Philosophical Forum 45 (1):49-68 (2014)

Paul Formosa
Macquarie University
Kant’s Formula of Humanity (FH) is considered by many, Kant included, to be the most intuitively appealing formulation of the categorical imperative. FH tells us that to treat persons with dignity and respect we must always treat them as ends in themselves and never as mere means. One set of issues raised by FH revolves around how FH is to be justified or grounded and how it relates to the other formulations of the categorical imperative. This set of issues, though important, is not our focus here. Instead, we shall focus on a different set of issues: how do we apply or use this formula in practice, that is, how does this principle work as a moral guide to what duties and obligations we have in particular cases? This paper will seek to answer that question by defending an interpretation and rational reconstruction of FH in terms of two subsidiary principles, the Mere Means Principle (MMP), which grounds perfect duties, and the Ends in Themselves Principle (ETP), which grounds imperfect duties. These two principles will then be applied to a number of examples to illustrate how they work.
Keywords Kant  Formula of Humanity  Dignity
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DOI 10.1111/phil.12026
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Groundwork for the Metaphysics of Morals.Immanuel Kant - 1785/2002 - Oxford University Press.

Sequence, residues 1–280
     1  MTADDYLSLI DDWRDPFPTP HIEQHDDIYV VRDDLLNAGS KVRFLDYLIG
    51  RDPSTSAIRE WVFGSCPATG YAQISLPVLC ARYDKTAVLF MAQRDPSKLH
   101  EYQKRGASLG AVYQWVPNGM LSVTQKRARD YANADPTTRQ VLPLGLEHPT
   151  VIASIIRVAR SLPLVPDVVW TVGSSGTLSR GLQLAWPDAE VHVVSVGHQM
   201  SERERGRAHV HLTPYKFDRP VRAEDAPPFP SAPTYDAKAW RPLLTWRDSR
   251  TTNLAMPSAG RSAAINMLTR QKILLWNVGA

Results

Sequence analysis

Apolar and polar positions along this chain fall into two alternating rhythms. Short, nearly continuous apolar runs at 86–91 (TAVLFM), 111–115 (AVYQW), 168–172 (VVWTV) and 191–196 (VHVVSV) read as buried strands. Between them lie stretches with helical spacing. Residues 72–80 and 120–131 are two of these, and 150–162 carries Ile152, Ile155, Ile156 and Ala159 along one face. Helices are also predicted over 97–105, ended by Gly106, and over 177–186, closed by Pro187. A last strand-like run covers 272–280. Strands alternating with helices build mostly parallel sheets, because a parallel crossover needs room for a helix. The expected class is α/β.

The Metaphysics of Morals.Immanuel Kant - 1797/1996 - Cambridge University Press.
Groundwork of the Metaphysics of Morals.Immanuel Kant - 1785 - In Elizabeth Schmidt Radcliffe, Richard McCarty, Fritz Allhoff & Anand Vaidya (eds.), Late Modern Philosophy: Essential Readings with Commentary. Blackwell.
Treating Others Merely as Means.Samuel Kerstein - 2009 - Utilitas 21 (2):163-180.

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Citations of this work BETA

The Role of Vulnerability in Kantian Ethics.Paul Formosa - 2014 - In Catriona Mackenzie, Wendy Rogers & Susan Dodds (eds.), Vulnerability: New Essays in Ethics and Feminist Philosophy. New York: Oxford University Press. pp. 88-109.
Microaggressions: A Kantian Account.Ornaith O’Dowd - 2018 - Ethical Theory and Moral Practice 21 (5):1219-1232.

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